8/15/2007

Agile projects vs. non-agile projects

One point I mention in my book is that projects often call themselves "agile" but are everything but agile. In agile projects the whole team has respect to its members, and communicates in an advisable form -- no bubble! "Agile" is not a "product" to sell, agile is a basic attitude. All people do want to archieve the best for the projects, ask if something isn't clear, anti-patterns like a collected in my Wikipedia article, are seldom. Selfish behaviour is a no-no as well as people who always got to be in the limelight.

If you do want to learn more about the best approach for agile teams, when a so called "agile team" is not an agile team and if you want to read about the concrete advantages of agile processes ... please read my book. It is also of value if you want to learn about the infrastructure, the tools to use in order to support an agile process. Although agile projects do focus on basic values also tools are very, very important in order to accomplish the daily tasks (like Test-Driven Development, Continous Integration, testing of components, functional testing of Java Swing applications, functional testing of web applications, Software-Configuration Management, Standards and a lot more ...).

7 comments:

Rajesh said...

Good inputs. Is there an english version of your book?

Michael Hüttermann said...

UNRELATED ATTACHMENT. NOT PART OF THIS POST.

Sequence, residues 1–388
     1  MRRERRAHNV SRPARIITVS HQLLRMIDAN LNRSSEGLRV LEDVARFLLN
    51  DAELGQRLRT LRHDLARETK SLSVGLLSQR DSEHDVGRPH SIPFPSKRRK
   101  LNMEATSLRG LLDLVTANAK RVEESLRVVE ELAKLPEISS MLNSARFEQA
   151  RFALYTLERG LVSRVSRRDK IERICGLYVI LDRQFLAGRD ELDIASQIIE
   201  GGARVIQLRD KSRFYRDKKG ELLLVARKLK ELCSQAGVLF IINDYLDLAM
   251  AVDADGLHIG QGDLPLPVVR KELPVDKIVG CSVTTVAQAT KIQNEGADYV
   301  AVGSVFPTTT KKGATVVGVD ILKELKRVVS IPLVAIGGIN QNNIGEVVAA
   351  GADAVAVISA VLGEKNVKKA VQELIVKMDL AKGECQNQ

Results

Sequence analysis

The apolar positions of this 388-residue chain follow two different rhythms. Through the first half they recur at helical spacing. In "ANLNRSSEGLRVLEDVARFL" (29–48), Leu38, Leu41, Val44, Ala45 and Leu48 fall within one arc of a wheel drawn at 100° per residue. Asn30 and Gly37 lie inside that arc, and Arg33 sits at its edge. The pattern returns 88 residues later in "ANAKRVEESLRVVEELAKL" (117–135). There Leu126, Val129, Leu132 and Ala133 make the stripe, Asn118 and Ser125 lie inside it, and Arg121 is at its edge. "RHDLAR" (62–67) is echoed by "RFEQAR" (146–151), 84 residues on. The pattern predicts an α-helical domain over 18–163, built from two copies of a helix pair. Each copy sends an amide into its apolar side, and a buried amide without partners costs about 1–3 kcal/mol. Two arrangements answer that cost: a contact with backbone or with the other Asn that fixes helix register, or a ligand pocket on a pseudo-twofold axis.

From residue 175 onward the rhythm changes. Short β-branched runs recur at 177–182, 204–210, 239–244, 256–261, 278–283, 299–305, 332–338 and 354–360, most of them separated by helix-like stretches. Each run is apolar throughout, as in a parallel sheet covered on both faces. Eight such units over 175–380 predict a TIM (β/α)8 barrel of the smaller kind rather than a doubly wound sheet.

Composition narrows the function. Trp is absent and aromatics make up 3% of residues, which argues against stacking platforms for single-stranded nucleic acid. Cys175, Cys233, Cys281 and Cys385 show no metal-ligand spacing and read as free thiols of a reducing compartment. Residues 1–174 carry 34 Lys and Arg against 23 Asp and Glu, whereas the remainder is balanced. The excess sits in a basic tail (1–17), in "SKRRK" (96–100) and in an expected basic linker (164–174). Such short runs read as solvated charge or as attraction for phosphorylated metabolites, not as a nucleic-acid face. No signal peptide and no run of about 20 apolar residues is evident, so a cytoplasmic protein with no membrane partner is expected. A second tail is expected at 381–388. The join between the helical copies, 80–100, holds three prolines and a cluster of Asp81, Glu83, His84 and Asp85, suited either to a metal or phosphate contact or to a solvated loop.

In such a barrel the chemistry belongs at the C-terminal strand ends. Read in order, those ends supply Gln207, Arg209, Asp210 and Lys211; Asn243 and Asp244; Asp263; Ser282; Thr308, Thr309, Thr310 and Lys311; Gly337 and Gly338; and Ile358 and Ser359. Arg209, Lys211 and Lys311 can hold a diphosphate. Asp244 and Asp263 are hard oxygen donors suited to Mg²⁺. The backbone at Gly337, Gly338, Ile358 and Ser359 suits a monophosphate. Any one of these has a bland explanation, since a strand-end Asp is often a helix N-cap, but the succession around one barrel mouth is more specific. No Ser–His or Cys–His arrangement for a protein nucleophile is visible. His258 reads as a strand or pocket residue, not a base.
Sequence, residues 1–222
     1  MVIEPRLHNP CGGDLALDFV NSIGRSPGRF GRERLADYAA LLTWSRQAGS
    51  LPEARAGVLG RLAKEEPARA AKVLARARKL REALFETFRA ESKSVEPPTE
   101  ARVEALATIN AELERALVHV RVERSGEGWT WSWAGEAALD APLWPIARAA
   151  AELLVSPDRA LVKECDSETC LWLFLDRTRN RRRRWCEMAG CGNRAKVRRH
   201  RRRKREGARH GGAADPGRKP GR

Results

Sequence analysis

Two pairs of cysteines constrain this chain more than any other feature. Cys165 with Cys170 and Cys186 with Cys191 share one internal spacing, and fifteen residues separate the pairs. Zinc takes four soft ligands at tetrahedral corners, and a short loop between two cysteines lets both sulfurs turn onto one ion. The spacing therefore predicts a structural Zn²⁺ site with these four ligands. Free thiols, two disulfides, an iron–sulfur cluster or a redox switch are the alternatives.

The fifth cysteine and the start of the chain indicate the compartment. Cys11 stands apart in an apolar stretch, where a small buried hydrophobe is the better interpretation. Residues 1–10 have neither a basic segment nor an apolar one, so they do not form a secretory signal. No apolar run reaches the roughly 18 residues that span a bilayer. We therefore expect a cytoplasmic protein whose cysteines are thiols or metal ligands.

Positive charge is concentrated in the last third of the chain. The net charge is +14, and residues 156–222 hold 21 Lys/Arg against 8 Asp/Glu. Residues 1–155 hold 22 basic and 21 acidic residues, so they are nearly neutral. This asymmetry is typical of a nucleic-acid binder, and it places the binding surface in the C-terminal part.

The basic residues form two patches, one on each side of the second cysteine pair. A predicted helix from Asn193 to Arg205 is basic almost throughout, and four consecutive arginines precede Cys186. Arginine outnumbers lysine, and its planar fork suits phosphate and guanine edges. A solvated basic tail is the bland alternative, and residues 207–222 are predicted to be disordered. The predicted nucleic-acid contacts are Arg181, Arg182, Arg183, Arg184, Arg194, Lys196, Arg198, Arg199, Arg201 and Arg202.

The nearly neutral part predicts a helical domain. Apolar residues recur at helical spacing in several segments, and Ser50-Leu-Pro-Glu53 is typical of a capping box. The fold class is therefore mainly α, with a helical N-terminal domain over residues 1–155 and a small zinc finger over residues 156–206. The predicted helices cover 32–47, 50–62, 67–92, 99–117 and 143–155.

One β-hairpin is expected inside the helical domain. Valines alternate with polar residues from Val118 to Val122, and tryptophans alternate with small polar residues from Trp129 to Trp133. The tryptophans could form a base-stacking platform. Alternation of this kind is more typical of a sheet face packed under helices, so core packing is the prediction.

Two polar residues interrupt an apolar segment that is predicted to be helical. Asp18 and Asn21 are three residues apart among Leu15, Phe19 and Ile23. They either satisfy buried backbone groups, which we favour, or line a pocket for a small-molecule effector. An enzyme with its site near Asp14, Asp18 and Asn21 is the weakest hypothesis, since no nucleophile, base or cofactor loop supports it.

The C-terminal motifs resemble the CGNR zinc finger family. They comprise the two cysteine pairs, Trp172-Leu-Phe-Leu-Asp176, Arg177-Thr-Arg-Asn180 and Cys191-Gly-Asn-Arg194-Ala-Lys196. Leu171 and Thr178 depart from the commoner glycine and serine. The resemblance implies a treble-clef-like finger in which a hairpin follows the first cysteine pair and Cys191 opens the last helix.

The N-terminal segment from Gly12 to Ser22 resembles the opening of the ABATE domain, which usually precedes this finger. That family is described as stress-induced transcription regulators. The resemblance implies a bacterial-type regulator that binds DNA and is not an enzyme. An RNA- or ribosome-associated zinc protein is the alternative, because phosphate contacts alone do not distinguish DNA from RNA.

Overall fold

currently no. You may point this out directly to the publisher. Ask O'Reilly for a translation and the chance increases ... :-)

Rajesh said...
This comment has been removed by the author.
Rajesh said...

Will try that out. I am currently working to facilitate non-agile projects to move towards a faster route...and using 'agile' as one of the tools to achieve the objective. And in such situations, the most common situation is the mindset of people who always want to fall back and compare agile approaches to their existing traditional/non-agile approach....so its both fun and a big challenge...anyways, thanks for your inputs....

Michael Hüttermann said...

you will most probably benefit from agile methods, your developers, customers will see the concrete advantages ... you may use dedicated strategies to introduce agile processes and support the stakeholders while learning.

Rajesh said...

Yes, am doing what you are saying...but given the constraints of budget and rock-solid traditional thoughts, to bring a change is a huge task. What has seen success is a slow transition by inducing some of the elements in the project. Mainly the daily stand-ups and iteration backlog are the most successful elements. also, the burn-down chart is a solid eye opener.

Michael Hüttermann said...

yes, it can be a huge task. You are right that a slow transition is a good strategy, but sometimes being too slow does not work as well. Every project is different -- I totally agree as well that stand-ups, burndown-charts and iterations (backlogs) are also good first steps. I would also add opening the mind for respect, open and proactive communication is essential. You can also start develop unit tests for your classes to introduce agile development "in the small". But: what you do, do it right ... I have seen many semi-agile projects that do such stuff like stand-up meetings but doing more errors there than good things.